Monday, 8 August 2011

The Not-So Hipster Girls

       As we find ourselves in the midst of festival season, it appears that they're everywhere - those girls. Those girls who are so anti-fashion yet so stylish, so scruffy yet so sexy, so cool yet so indie - those girls GQ's Jonathan Heaf has deemed the 'Hipster Girls'.

        Now, I myself am not a hipster boy, let alone a hipster girl. In fact, being the stereotypically gay teenager that I am, my musical taste seems to have predominately stemmed from T.V. talent shows and don't-diss-me divas alike. My iTunes 'Top 25 Most Played' playlist is crammed with songs by Alicia Keys carefully mixed in with a bit of Whitney and Mariah back in the day when I used to listen to the likes of 'Hero', on repeat.
       However, in recent years this has changed - I still love a good sing-a-long to 'I Will Always Love You' and will often be seen dancing it out to 'Wannabe', as if I were the undiscovered sixth member of the Spice Girls but now, among chart-topping hits, I have begun to listen to the music, which the Hipster Girls listen to. I mix my Madonna with my Mystery Jets, my Wanted with my White Lies and my LMFAO with my Lykke Li - in other words, the hipster with the not-so hipster.



     With music it is so easy to become pretentious, hipster or not. 'Folk is so the foie-gras right now, darling.' 'What - that Mumford, shit?' A good tune is a good tune regardless of whether it's alternative or mainstream, if it makes you feel good and it's catchy it deserves just as much credit as something kooky, which strikes a chord within you. 90s music may be good to us for it's nostalgic memories, whilst dub-step may suit us for its club potential.
      In the same way, a good dress, is a good dress - regardless of style or make. The clean, minimalistic lines of a mainstream brand like Calvin Klein can sill be appreciated by those of us who prefer the designs of lesser-known labels, such as the tongue-and-cheek Ashish or the individual Acne.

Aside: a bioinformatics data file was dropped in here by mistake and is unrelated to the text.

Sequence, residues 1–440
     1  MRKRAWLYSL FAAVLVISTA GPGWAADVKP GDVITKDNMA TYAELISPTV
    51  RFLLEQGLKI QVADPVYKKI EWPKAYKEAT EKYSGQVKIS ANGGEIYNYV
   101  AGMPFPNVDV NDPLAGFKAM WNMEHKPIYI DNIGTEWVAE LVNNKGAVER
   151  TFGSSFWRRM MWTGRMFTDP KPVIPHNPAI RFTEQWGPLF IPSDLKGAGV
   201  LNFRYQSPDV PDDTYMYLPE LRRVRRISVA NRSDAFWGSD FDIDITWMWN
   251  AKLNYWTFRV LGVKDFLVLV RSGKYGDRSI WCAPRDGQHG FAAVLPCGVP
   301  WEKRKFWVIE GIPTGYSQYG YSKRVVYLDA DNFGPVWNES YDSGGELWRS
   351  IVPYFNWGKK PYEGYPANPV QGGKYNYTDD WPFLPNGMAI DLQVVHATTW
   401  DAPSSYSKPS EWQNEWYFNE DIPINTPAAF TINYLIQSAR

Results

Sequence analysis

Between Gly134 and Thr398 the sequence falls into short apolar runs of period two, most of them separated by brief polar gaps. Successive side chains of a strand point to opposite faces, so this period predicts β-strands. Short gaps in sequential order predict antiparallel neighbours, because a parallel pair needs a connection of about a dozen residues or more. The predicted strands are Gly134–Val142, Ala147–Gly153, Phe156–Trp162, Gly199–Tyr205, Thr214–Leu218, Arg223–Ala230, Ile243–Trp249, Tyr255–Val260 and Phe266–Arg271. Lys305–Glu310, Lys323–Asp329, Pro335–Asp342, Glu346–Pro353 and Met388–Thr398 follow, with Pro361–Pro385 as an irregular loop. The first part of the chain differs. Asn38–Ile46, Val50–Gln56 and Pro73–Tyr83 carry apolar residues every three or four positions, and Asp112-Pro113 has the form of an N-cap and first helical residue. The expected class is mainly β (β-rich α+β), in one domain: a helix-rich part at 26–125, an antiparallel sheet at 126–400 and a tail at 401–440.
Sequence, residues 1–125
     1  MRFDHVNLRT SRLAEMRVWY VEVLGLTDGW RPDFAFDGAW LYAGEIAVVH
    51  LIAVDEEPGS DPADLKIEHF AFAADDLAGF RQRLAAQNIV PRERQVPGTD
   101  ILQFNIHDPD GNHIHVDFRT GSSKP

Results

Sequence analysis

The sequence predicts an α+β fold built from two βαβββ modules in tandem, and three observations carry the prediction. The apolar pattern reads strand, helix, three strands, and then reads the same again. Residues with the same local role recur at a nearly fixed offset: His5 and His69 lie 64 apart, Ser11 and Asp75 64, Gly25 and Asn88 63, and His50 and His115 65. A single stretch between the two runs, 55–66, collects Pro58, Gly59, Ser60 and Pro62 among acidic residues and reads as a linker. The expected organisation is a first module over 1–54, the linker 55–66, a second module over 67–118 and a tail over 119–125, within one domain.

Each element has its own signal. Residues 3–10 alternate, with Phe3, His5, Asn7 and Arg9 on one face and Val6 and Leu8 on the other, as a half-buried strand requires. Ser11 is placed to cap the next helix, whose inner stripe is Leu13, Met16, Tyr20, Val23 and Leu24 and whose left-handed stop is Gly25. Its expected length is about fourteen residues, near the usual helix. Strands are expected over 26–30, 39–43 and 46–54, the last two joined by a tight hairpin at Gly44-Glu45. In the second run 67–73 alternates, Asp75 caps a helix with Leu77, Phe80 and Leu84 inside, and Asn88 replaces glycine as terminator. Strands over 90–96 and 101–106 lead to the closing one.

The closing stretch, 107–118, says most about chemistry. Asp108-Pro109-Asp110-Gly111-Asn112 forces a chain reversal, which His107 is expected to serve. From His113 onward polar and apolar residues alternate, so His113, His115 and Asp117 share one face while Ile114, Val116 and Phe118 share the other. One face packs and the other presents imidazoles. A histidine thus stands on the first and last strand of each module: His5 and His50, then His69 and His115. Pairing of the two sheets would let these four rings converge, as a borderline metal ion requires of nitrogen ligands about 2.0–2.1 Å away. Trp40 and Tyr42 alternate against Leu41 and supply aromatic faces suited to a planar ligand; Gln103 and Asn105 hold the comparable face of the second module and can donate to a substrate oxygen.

Of course, designer labels and songwriters do have their own individual styles and clienteles: Balmain attracts a rocker customer, whilst Tommy Hilfiger attracts a preppy one. Laura Marling sells to folk fans, whilst Rihanna sells to Pop fans. However, we needn't separate these genres and styles into two groups of hipster and not-so hipster
     The reality is no-one can  be a  hipster girl or boy because everyone has their cool-down point, no matter if it’s a guilty pleasure for Britney Spears or an eternal inner-love of Ralph Lauren, as people we’re far too three dimensional to limit ourselves to a sole hipster lifestyle.
     We crossover both designers and music tastes and enjoy each for what they are. Whether we love a chart-topping song for its simplicity but are more accustomed to The Vaccines or a Jean Paul Gaultier dress for its quirkiness yet prefer the cuts of Chloé, we mix it all up. After all most of the borderline hipster girls I know are diehard Glee addicts anyway.


  1. I love your last line - you are so right. I'm probably too predictably mainstream sometimes but I love discovering new designers/lines/color combos. There's something very satisfying about being there first, but I'd rather mix it up anyway. :)

  2. this is awesomeness you are writing so good.